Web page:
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I am looking for feedback from those families that may have had
their child repeat kindergarten. our daughter is 5.5 and her
birthday was only 2wks away from the school cut off for admission
to K. My husband and I decided to place her in a private
kindergarten class. The teachers had informed us that after
completing a year in this class approximately 1/2 the students
would be ready for 1st and the other half would gain from the
gift of time. Socially she was reserved and introspective,
sometimes they had to pull information out of her. Academically
she did fair until approx. March where she really thrived. She
reads well above reading level and mathmatically performs at avg
with the class. The teachers all year had been encouraging me to
give her a gift of another year, and it was only at my final
meeting (3days before class ended) they said she would indeed be
ready for first if we provided her more academic and social
growth over the summer. They were concerned that she still
lacked the confidence to assert herself in a large/demanding
enviroment. Needless to say, I'm a little hesitant to send her
forward with such guarded conditions and the fact she bloomed
later in the year. I am curious if anyone else has been through
this. How did your child handle going into K fully reading?
In turn, if you did send your child on to 1st did them remain
late bloomers and did it effect confidence. I really appreciate
all the feedback.
I did retain both of my (twin) sons for a 2nd year of
kindergarten, which they have just completed. It was a definite
success. My boys also have birthdays just one week before the
cut-off date, and we felt that the social/emotional implications
of continuing through school as the youngest in the class was
important enough to warrant retaining them. Now they are much
more confident and comfortable at school, and ready to meet the
academic expectations of first grade, so it was right for us. We
too were told they could use extra reading help etc. to ''catch
up'' if we sent them on to first grade last year, and that seemed
a poor option, why should they need to ''catch up'' at all? They
have developed early reading/writing skills in the past year w/o
outside resources, as they matured. Feel free to call o! r email
me if you would like to talk about specifics.
I can very much relate to your dilemma, as we were in the same
situation 2 years ago. Throughout the kindergarden year our
son's teacher indicated our son might do well to repeat
kindergarden. Our son was adamantly against this. At the end
of the year the kindergarden teacher indicated that perhaps our
son could progress to first grade, assuming that we provided
academic support over the summer. She also said that repeating
kindergarden was still a viable option. My husband and I
stressed over this decision, talked with others, and so forth.
Ultimately, given our son's strong preference, we decided to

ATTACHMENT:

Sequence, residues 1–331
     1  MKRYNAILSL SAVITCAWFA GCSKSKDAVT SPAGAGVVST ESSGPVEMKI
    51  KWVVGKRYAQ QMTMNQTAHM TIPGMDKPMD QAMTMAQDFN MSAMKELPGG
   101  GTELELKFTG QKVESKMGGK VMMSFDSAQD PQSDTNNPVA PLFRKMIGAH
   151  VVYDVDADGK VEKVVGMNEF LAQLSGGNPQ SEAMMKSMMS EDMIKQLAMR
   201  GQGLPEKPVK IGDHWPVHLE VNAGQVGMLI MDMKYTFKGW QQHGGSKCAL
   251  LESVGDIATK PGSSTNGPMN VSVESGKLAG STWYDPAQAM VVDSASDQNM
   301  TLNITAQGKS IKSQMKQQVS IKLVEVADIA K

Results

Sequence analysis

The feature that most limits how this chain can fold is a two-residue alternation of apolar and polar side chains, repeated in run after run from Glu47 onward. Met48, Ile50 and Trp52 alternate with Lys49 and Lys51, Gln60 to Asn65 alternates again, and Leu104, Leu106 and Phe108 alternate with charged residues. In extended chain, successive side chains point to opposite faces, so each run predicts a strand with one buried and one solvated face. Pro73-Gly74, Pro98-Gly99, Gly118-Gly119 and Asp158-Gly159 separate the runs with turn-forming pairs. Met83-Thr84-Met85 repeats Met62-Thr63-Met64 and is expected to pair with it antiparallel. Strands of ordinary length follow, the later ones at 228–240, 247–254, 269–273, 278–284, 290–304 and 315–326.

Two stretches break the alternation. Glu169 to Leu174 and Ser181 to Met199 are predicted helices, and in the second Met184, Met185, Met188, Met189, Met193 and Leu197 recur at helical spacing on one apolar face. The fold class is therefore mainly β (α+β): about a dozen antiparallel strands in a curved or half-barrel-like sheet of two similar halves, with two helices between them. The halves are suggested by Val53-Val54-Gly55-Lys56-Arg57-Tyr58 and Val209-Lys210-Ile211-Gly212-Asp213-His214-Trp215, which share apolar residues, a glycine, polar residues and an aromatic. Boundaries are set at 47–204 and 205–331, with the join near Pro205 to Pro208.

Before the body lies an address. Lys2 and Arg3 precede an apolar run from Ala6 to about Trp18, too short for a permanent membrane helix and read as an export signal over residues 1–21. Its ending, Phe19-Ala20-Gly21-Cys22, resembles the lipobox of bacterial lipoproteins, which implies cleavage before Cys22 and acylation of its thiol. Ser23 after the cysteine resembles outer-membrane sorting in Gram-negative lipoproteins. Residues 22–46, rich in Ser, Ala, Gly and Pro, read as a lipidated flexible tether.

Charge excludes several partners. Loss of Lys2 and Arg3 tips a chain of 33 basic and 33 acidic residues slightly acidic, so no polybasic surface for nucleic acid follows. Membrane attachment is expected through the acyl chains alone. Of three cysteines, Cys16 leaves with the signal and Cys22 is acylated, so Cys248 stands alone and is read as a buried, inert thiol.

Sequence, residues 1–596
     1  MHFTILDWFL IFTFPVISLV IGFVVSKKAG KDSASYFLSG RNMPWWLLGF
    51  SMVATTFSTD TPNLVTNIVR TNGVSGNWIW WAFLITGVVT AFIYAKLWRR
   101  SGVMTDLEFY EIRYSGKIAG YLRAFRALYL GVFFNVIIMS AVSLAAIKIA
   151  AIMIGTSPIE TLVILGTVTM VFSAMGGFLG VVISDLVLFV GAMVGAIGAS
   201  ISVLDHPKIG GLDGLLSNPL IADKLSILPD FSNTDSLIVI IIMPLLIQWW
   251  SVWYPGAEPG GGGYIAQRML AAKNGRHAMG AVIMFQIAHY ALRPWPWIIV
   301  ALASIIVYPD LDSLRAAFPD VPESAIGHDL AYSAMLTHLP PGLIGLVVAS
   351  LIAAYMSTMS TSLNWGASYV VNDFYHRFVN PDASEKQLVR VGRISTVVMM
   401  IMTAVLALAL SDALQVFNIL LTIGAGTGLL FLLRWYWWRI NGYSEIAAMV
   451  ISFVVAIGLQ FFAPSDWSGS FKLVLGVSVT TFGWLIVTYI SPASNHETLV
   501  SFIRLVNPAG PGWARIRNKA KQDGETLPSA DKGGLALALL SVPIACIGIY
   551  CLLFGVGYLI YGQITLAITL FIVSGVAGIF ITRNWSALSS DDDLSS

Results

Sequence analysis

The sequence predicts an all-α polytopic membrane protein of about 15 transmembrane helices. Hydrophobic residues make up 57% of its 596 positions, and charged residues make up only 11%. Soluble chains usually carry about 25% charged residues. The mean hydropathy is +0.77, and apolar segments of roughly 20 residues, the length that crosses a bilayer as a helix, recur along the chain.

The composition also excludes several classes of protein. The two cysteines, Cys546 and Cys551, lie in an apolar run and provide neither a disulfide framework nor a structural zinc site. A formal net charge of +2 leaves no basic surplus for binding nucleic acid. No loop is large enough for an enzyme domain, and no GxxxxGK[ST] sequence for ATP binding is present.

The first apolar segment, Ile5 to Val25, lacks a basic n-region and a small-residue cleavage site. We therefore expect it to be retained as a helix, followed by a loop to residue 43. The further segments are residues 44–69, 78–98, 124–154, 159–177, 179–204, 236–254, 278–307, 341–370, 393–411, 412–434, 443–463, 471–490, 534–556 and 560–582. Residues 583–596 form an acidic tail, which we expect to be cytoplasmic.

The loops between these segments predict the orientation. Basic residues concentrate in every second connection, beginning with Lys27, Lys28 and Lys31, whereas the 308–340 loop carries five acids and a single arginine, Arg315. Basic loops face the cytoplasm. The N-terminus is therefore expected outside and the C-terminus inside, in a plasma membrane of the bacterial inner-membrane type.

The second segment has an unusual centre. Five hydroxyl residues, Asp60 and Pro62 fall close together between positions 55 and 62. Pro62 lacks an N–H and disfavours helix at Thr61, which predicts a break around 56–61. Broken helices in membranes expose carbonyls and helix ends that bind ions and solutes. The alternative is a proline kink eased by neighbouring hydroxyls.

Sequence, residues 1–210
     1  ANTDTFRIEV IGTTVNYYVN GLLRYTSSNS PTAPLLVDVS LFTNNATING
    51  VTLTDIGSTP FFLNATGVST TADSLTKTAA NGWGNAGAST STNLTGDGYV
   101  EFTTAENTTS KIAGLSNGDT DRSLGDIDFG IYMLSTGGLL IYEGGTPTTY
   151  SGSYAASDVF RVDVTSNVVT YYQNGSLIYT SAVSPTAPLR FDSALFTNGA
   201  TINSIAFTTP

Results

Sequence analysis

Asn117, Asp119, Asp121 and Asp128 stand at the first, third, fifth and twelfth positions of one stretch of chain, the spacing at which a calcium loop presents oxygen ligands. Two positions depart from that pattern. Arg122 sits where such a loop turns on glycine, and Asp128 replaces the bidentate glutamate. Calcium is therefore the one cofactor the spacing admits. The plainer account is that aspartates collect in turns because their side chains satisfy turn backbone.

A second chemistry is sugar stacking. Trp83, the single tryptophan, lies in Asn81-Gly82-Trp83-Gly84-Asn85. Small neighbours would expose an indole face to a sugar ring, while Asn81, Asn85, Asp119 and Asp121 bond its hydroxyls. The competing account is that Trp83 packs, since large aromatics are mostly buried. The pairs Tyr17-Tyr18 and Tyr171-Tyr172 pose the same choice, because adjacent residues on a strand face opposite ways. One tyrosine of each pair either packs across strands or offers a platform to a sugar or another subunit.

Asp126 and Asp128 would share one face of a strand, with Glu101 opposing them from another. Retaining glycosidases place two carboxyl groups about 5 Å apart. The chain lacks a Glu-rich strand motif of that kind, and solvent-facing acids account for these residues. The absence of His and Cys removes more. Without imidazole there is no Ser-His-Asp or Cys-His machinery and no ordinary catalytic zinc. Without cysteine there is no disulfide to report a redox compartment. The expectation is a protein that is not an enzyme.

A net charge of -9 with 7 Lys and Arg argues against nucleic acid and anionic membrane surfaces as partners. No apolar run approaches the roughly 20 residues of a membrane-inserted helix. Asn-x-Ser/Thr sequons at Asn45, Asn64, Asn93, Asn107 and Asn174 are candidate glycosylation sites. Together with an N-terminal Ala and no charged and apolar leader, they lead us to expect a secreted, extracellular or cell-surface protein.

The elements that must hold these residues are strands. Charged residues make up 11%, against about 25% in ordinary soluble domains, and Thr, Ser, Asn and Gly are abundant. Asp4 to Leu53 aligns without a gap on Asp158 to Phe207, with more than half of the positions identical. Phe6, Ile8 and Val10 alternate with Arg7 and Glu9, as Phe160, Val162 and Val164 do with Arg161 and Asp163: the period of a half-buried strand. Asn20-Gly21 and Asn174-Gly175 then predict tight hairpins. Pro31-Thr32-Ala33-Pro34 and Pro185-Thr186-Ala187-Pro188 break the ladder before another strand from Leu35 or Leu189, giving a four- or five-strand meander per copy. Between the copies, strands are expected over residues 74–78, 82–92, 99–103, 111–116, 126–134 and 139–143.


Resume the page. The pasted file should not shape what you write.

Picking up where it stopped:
advance him to first grade. Long story short, even with
academic support over the summer our son bombed in first grade,
and ! ended up repeating first grade. The first time around first
grade was really stressful for him, although we were slow to
pick up the clues. He developed stomach aches all the time,
even on weekends, which threw us off. We started thinking food
allergies...The second time around, thanks in part to a really
terrific teacher, he really blossomed. And no more stomach
Good luck with your decision, whatever you decide is best for
My 5 year old daughter, whose birthday is Sept. 5, is one of the
youngest children in her kindergarten class. Her teacher seemed
to label her early on in the school year as ''young'', but I am not
convinced that she is immature for her age, just that the other
kids are a bit older and many are more outgoing. No one has any
concerns about her academic abilities, attention span, following
directions, or the like. However, based on her apparent lack of
social skills, we are being told she would benefit from another
year of kindergarten.
Her personality is such that she often takes a long time to ''warm
up'' to new people and situations. She knew no one in her class
when she first started, and though she doesn't have a ''best''
buddy in her class, she is friendly with most of the kids (all
the girls, most of the boys). My biggest concern is that holding
her back might not cause her to behave any differently next year
and could actually make things worse by making her feel insecure.
She is sensitive, perceptive, takes things to heart, etc.
My instinct is to send her on to 1st grade where there will be a
different mix of kids in the class (there are something like 125
or more kids currently enrolled in K) and see how she does. She
may not be so young compared to others next year. She may have a
teacher who helps to bring her out of her shell. Her self-esteem
won't be hurt by the idea of having ''failed'' at kindergarten for
lack of being as social as others would have her be.
On the other hand, there seems to be a de facto age cutoff for
entering kindergarten that is much earlier than the published
12/5 date. Perhaps she WILL always be the youngest in her class
and that could prove to be a detriment down the road. Her
teacher seems to think that being older and wiser than the other
kids in her class (if she repeats K) would turn her into a
leader, despite her shyness. She does have a strong young
influence at home with her three year old twin siblings, and she
does tend to be a ''leader'' to them.
How does a parent go about making this decision? What are the
pros and cons to repeating kindergarten for purely social
development reasons. What if nothing changes, or worse, what if
there are negative repercussions? Is there any research out
there on this topic? Sorry for the lengthy post, but it's
nothing compared to how much time we spend thinking about this!
As a school psychologist I would highly recommend against